GROVE, OKLAHOMA -- The volunteers descended early on a Saturday mulching flower beds, weeding, raking, sprucing up Lendonwood Botanical Gardens as the first Azaleas were already opening up.
"It's looking good right now says Leonard Miller."
Of all the people donating time to this 8 acre plot, has put in the most hours by far.
He remembers the brush and thorns that choked these paths in the early '70's.
It took him five years to clear it.
"I've always been a guy who liked to grow plants," remarks Miller, "and I've always liked a challenge."
Of course this wasn't Lendonwood Gardens back then.
It was just Miller's back yard.
But he was a dentist with a keen interest in horticulture so he kept sinking his teeth into more garden space.
The largest collection of rhododendrons in the Southwest is here, 250 varieties.
There are 75 varieties of Japanese Maples amidst 7 distinct gardens.
Then 20 years ago Dr. Miller did something remarkable.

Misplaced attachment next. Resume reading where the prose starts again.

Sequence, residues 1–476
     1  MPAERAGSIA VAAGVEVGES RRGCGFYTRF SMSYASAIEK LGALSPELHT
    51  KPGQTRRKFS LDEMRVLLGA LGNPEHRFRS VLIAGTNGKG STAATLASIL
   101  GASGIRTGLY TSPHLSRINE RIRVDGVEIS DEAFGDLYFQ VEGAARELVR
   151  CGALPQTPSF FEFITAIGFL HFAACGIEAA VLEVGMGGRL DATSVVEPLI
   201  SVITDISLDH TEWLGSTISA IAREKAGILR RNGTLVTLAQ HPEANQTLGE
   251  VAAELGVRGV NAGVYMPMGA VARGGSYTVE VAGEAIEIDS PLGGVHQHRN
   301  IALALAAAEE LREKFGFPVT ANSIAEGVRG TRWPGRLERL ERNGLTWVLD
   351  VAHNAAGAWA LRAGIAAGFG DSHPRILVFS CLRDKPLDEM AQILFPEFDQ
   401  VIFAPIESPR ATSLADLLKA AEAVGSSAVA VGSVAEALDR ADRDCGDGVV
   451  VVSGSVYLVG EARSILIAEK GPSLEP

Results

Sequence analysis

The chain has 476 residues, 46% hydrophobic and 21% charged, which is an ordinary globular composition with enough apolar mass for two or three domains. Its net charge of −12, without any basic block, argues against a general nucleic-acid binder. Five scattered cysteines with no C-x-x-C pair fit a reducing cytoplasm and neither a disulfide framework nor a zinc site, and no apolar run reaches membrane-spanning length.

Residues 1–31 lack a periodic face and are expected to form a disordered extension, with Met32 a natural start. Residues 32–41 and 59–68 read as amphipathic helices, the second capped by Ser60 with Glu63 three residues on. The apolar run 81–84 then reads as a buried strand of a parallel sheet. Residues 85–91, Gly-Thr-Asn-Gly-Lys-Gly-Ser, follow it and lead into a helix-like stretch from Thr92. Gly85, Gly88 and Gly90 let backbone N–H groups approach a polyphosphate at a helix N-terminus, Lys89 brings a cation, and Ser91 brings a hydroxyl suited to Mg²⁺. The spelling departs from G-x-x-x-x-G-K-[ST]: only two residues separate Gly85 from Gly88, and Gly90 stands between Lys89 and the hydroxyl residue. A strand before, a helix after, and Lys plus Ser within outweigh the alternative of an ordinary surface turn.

After all that work he gave his gardens, the house, and his 8 beautiful acres to a non-profit group who opened it all to the public.
"We get visitors from the 4-state region especially," says Jim Corbridge who is a member of the Gardens board of directors. "but also all over the country and all over the world for that matter."
The board took over the property, even his old conservatory, to keep everything green and blooming.
Of his old gardens, Miller says, "It is a reminder of our past, and of the accomplishments that we've had."
The Azaleas came on early this Spring.
So did their cousins the rhododendrons.
The first Dogwood blossoms are out too.
Miller predicts his old garden will be at its peak before mid-April.
He doesn't sleep here anymore but the gardens he planted are still doing really well in their own beds, and thanks to him, you can see for yourself.
The Lendonwood Botanical Gardens are open every day during daylight hours.
For directions and tour information go to http://www.Lendonwood.com